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How the Imagineers came to create the “Country Bear Christmas Special” show

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Back when I lived in Central Florida in the early-to-mid 1990s, one of my favorite
things to do this time of year was to go into Frontierland at WDW‘s Magic
Kingdom
and then catch a performance of “Country Bear Christmas Special.”


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There was just something about that version of “The
Christmas Song” (which you can hear starting 3:10 minutes into this YouTube
recording of the show
) which Henry & Teddi Barra perform in this theme park
show that always used to give me chills. Made me miss my friends & family
back up in New England.

Nowadays, of course, the reverse is true. I live up in the
cold & the snow of New Hampshire now. And because the “Country Bear
Christmas Special” is no longer presented at any of the stateside Disney Parks
Well, I find myself really missing that particular rendition of “The Christmas
Song.”

But you want to know something interesting about the “Country Bear Christmas
Special” ? The Imagineers didn’t create a holiday version of the “Country Bear
Jamboree
” because they wanted  to
celebrate the season. But – rather – because they were looking to give
Disneyland visitors a reason to return to Bear Country.


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Strange but true, folks. Though Walt Disney Productions spent
$8 million and relocated more than 250 trees in an effort to make this theme
park’s old Indian Village area look more like the Great Northwest, Southern
Californians obviously weren’t all that impressed with this new addition to
Disneyland.

By that I mean: The crowds initially came out to this part
of the theme park to catch a performance of “Country Bear Jamboree” when Bear
Country first opened in March of 1972. But as Bruce Gordon & David Mumford
explained in their most-excellent history of The Happiest Place on Earth, “Disneyland the Nickel Tour,” at least from an attendance point-of-view, the park’s newest
addition ” … turned out to be a major letdown.”

“And why was that?,” you ask. Mumford & Gordon had their theories:


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This new land’s main attraction – Country Bear Jamboree – turned out to be its
only attraction. The rest of Bear Country consisted of nothing more than a row
of Western-styled buildings circling a dead-end street.

The largest building in this new “land” (outside of Country
Bear Playhouse) housed the Bear Country restrooms. The porch right in front of
the men’s room was often used as a stage for Bear Country’s singin’ cowboys and
square dancin’ gals. But the real entertainment was watching the startled faces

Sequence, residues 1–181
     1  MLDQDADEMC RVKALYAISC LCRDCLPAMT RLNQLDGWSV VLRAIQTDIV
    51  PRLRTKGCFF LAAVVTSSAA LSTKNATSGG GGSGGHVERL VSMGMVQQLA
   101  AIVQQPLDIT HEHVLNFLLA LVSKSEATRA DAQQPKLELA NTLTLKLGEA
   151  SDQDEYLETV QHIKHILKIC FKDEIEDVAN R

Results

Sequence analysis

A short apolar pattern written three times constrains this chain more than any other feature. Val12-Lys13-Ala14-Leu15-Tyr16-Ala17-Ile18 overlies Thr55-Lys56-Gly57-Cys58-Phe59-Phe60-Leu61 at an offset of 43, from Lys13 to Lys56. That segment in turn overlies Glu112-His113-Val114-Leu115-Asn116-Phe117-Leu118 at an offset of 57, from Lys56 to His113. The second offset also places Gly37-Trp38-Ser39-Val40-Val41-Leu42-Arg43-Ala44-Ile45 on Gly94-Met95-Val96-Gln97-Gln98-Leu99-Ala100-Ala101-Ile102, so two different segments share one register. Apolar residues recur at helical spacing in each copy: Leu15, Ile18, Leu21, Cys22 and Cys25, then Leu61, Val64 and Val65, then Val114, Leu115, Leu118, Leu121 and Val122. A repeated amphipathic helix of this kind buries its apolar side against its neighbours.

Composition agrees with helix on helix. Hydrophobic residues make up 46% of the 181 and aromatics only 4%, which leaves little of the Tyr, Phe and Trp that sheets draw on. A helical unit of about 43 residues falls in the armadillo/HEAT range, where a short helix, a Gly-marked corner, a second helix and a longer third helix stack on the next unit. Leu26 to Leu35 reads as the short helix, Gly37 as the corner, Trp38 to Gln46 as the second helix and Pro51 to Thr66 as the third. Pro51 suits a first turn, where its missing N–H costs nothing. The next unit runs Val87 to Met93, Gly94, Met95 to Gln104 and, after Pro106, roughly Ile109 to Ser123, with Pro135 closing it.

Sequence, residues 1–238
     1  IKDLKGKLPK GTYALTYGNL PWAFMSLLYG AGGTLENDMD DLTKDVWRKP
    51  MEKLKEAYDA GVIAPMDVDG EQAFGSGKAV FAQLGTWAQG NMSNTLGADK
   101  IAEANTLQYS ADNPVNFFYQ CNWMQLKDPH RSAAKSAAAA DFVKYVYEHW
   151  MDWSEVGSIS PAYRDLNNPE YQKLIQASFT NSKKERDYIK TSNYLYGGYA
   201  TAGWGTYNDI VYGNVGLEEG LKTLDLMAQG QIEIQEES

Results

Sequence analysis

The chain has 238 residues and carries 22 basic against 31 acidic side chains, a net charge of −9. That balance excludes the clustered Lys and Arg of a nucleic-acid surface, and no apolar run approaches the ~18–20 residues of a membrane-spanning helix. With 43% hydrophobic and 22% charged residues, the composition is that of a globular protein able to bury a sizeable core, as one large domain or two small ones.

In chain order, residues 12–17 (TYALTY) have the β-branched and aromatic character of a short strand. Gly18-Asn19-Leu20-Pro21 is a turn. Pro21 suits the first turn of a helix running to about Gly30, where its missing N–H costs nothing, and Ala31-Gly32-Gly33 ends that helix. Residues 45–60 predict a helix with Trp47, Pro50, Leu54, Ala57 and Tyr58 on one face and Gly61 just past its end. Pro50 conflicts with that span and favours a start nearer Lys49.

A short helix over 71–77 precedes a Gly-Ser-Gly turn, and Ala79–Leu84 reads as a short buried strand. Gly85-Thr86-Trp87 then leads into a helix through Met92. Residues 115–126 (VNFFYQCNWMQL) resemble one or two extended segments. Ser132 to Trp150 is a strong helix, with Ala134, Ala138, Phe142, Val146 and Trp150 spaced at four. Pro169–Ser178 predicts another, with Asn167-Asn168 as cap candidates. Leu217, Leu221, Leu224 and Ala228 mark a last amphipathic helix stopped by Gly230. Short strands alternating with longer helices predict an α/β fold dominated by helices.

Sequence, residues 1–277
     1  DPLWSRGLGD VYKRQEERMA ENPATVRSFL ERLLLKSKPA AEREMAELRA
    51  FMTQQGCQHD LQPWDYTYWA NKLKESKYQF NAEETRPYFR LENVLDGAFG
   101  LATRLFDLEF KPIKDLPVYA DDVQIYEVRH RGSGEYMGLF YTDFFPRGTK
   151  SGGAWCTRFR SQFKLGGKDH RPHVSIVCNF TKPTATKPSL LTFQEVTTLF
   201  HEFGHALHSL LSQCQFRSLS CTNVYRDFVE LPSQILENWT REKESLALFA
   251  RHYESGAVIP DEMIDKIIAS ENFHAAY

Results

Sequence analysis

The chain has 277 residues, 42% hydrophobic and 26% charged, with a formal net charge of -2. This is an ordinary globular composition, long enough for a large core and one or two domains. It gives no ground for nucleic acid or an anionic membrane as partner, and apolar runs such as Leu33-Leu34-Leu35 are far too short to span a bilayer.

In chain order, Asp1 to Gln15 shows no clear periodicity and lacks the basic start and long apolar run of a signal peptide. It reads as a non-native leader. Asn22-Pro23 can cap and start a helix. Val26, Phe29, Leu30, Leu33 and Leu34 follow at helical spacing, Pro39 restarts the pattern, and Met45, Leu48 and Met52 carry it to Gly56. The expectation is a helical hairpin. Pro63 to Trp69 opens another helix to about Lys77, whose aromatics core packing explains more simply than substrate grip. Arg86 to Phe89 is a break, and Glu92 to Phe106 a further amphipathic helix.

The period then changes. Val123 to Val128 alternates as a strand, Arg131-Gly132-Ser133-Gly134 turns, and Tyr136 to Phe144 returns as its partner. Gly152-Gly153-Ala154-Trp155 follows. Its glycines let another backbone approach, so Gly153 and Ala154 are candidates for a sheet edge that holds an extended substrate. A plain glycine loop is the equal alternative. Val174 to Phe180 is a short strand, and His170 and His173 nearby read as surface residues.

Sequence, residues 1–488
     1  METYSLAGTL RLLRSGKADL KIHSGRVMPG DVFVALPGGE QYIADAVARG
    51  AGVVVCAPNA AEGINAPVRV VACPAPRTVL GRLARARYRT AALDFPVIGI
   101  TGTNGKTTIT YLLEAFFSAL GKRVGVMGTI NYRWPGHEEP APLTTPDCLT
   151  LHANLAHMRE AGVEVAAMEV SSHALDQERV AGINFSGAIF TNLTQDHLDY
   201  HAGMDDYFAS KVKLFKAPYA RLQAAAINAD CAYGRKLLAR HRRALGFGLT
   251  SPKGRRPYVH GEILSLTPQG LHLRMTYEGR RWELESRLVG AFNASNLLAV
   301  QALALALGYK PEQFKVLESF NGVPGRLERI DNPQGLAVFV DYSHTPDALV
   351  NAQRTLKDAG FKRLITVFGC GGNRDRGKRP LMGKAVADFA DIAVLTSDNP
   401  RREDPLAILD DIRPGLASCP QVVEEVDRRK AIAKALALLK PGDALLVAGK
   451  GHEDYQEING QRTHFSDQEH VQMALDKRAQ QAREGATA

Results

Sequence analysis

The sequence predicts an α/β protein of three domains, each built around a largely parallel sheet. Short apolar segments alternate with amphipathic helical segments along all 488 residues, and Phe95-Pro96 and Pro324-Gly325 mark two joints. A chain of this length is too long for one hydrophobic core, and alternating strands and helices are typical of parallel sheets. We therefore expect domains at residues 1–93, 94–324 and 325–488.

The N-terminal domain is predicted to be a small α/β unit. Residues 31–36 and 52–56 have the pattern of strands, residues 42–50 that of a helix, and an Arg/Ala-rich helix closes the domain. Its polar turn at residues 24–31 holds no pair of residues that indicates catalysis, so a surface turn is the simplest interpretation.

of the guys comin’ out of that men’s room, still busy hitchin’ up their jeans …
suddenly findin’ themselves on stage, smack dab in the middle of a show!

Over the years, [whatever the real cause was of the attendance
erosion that this part of Disneyland experienced] the problem would reveal
itself in the most concrete of terms: the guests simply stopped going to Bear
Country. By the end of the decade, it was obvious that something would have to
be done.


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As earlier as June 1976, the folks who were in charge of Disneyland’s
long-range masterplan were discussing what could be done to compel Guests to
once again visit the Northwestern corner of this theme park. Among the ideas
that were discussed at this time was …

the Keel Boats could be moved from their existing location
to the Bear Country expansion area removing some of the crowded conditions that
presently exist on the river at the Tom Sawyer-Fowler’s area. All of this could
be (done in a way to compliment) the general woodsy atmosphere of the existing
Bear County.

But in the end, relocating the Keel Boats (which was – after
all — a low capacity attraction) didn’t seem like it would drive nearly enough
Disneyland Guests back  into Bear Country
to turn around this part of the Park’s low attendance problem. Which was why –
in January of 1982 – the Disneyland expansion committee began talking about
broadening and/or changing the overall theme of this “land” because  …


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… Bear Country (remains) a weak draw due to (its) limiting
theme and potential attractions based around it. A broader theme would balance
it more with Adventureland, Fantasyland, etc.

Which is why the Disneyland expansion committee began talking
about shifting Bear Country’s storyline, making this part of the Park a
celebration of …

… the deep South, Dixie, Kentucky home, Mark Twain.


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Which – at first glance – may seem like a weird idea. But
let’s remember that Bear Country abutted The Haunted Mansion. Which – in turn –
was at the outer most edge of Disneyland’s New Orleans Square. So by turning Bear
Country into a nostalgic recreation of the rural south … Well, that would then
make this “land” …

… a logical outgrowth from the city and plantations (New
Orleans Square
and The Haunted Mansion).

So with Tony Baxter helping to guide the development of this
Bear Country retheming, among the attractions that were proposed for this
Disneyland enhancement were a …


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  • Song of the South log flume adventure utilizing many of the America
    Sings